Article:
When the Danas team, using private capital, tried last month to start Novi Danas ('New Danas'), the courts banned the magazine - allegedly because of the name. Meanwhile, the setting up of private television and radio stations has been forbidden by law; state television is heavily biased. The ruling party, and especially its President, are untouchable.
But it is in Bosnia that the real essence of Mr Tudjman's policy is laid bare, in all its anachronistic glory. The policy is based on the idea of territorial expansion.
From the early talks with Mr Milosevic, when the division of Bosnia was agreed in principle (only the borders were yet to be decided), to the meeting in Graz a few months ago, Mr Tudjman has always been careful to ensure that he will receive a slice of the cake. The only thing that has changed is how he gets his slice. New maps have already been drawn up. When the international community insisted that frontiers could not be changed, 'cantons' were proposed, which is just another way of saying the same thing - a slower path to the same Greater Serbian and Greater Croatian goal.
With the official creation last month of a Croatian entity within Bosnia-Herzegovina, which calls itself 'Herzeg-Bosnia', the policy is clear. Because of the leopard's skin - the ethnic patchwork that characterises Bosnia, even more than the other republics of former Yugoslavia - it is impossible to split Bosnia into ethnic cantons, as the Bosnian government, unlike Zagreb and Belgrade, has always made clear. The Milosevic- Tudjman concept thus means shifting entire populations. Those who know Mr Tudjman say that the Croatian President believes this to be a viable solution. He appears to believe that mass resettlement, followed by the creation of new borders, will finally resolve the problem of Croats and Serbs.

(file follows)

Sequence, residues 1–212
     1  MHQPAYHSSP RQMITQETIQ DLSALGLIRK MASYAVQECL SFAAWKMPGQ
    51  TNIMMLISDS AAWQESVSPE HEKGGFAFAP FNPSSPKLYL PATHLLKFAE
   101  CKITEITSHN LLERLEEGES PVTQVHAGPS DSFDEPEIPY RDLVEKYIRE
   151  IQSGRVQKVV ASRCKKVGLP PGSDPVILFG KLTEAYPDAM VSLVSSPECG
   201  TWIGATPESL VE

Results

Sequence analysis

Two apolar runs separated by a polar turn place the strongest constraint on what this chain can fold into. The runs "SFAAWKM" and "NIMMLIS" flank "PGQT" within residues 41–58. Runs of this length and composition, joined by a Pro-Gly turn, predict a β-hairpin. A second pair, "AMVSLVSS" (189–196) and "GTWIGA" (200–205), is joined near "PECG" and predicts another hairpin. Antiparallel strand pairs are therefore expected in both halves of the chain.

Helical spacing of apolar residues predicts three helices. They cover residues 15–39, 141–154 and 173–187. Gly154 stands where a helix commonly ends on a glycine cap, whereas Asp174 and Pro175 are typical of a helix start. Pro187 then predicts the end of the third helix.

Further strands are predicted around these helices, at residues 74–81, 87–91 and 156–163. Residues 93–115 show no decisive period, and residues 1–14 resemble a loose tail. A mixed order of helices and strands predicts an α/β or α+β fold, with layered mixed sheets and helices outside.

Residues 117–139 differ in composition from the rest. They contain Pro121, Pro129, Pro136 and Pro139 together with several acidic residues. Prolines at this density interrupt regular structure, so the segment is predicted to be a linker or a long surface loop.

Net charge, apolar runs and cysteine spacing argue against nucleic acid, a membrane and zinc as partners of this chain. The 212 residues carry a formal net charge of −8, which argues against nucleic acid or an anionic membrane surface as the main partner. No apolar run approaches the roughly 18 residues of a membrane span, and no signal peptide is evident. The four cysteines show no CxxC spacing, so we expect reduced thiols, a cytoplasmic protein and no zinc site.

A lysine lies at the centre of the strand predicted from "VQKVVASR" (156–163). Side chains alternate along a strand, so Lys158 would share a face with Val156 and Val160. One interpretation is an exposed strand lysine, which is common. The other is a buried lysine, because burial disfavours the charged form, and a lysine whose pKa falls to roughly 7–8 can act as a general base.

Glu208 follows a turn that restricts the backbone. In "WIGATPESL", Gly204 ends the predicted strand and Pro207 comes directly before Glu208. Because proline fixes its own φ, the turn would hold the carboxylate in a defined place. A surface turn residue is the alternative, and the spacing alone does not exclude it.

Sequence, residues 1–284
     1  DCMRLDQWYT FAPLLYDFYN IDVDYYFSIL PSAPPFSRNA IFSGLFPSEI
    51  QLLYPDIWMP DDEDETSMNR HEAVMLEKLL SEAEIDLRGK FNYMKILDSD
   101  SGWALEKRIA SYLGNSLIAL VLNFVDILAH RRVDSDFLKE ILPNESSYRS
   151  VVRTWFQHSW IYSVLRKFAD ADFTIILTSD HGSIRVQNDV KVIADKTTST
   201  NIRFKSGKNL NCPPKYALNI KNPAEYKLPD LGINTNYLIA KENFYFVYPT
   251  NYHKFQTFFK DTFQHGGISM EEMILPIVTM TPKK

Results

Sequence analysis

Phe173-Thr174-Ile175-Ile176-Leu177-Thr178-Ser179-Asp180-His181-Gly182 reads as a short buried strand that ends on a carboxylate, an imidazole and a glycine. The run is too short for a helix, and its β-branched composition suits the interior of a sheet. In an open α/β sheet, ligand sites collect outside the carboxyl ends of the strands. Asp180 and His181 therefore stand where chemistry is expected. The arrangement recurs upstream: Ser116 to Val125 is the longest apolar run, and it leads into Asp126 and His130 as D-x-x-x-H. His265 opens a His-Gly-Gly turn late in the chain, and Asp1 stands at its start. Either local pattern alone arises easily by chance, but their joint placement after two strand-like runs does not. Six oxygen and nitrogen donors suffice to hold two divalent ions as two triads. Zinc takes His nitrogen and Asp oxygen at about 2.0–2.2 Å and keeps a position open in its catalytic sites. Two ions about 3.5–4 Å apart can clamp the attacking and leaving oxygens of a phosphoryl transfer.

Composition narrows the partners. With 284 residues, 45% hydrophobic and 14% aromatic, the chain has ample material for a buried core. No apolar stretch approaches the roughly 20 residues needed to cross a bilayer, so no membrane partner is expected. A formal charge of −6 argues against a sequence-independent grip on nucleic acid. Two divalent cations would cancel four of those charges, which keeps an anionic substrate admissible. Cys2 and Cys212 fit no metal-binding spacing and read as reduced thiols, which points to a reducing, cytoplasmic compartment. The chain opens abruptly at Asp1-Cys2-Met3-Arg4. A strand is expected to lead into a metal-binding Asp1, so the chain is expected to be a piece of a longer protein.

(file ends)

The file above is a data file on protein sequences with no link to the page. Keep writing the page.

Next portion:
The mass exodus that we have seen in recent months, of more than two million refugees, could only come about under the threat of war. Is this, then, the real meaning of this inconceivably brutal war? Is the 'ethnic cleansing' of the landscape not the result of the horrors of war, but its cause? After all, Mr Milosevic and Mr Tudjman had discussed the carve-up of Bosnia, long ago.
Certainly, we know that at a recent session of the Croatian Supreme Council - the unconstitutional body that wields real power in Croatia - there was, for the first time, a sharp clash between Mr Tudjman and his Prime Minister, Franjo Greguric. Apparently the Deputy Prime Minister, Zdravko Tomac, felt obliged to tell Mr Tudjman that the project of creating a Greater Croatia will end just like Mr Milosevic's project of a Greater Serbia - in catastrophe. It is not a lesson that Mr Tudjman seems willing to learn.
The author wrote for the weekly magazine 'Danas' until its recent forced closure, and is one of a number of Croatian journalists facing court proceedings for 'insulting the state'.